The kitchen is a central point in every home or office. People brew tea together here, important meetings take place and there’s a long table that seats lots of people. I think it’s particularly great that it was made with a lot of love and passion by a friend of one of the co-founders during his training as a carpenter – so the target group is also present here.

The office of krisenchat in Berlin
There is a long dining table in the kitchen, which is used for communal lunches as well as team meetings. Spontaneous brainstorming sessions are held in a relaxed kitchen atmosphere thanks to the flexible se:lab board with the corresponding se:lab rack.

And one final question: you are a psychologist. What do you think the design of your office says about you as a start-up?

I think it’s great when the working environment and the office are filled with life and individuality. Of course, you also need a professional set-up, but the combination of partly private vintage furniture, art and plants ensures that a lot of people feel comfortable here and inspired to work. I am convinced that the furnishings, rooms and light have a huge impact on our well-being and our work. It is very fulfilling to see how the team makes the space their own and also uses it as a community space for self-organised dance meditation or other events after work. We have furnished everything ourselves and, as a social start-up, only have limited resources at our disposal; this also makes us creative and so the old movie theatre seats are no longer just seating options born out of necessity, but a popular retreat.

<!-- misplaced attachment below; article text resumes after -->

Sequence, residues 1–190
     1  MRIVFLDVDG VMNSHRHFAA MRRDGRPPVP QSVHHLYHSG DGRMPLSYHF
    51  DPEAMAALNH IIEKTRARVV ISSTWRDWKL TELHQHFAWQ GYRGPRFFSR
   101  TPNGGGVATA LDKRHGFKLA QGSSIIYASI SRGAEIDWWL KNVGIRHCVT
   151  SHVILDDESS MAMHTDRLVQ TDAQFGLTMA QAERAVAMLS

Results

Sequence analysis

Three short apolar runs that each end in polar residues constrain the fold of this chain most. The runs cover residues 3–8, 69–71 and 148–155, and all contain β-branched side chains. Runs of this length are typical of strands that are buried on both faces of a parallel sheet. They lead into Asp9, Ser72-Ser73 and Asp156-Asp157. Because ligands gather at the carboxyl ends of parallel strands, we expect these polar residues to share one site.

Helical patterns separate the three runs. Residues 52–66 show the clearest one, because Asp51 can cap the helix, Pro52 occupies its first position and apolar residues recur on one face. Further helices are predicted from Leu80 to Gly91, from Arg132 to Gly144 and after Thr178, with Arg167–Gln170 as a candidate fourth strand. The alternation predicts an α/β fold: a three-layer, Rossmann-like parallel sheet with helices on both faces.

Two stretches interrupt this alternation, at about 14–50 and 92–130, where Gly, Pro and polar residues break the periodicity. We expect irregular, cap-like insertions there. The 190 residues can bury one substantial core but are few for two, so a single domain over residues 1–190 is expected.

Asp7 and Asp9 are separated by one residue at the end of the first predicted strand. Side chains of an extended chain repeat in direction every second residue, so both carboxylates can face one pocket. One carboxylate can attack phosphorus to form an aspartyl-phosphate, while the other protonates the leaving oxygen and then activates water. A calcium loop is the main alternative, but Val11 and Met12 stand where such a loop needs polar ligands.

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TEXT AND INTERVIEW: BERNADETTE TREPTE | PHOTO: JOSEPHINE SEIDEL-LEUTERITZ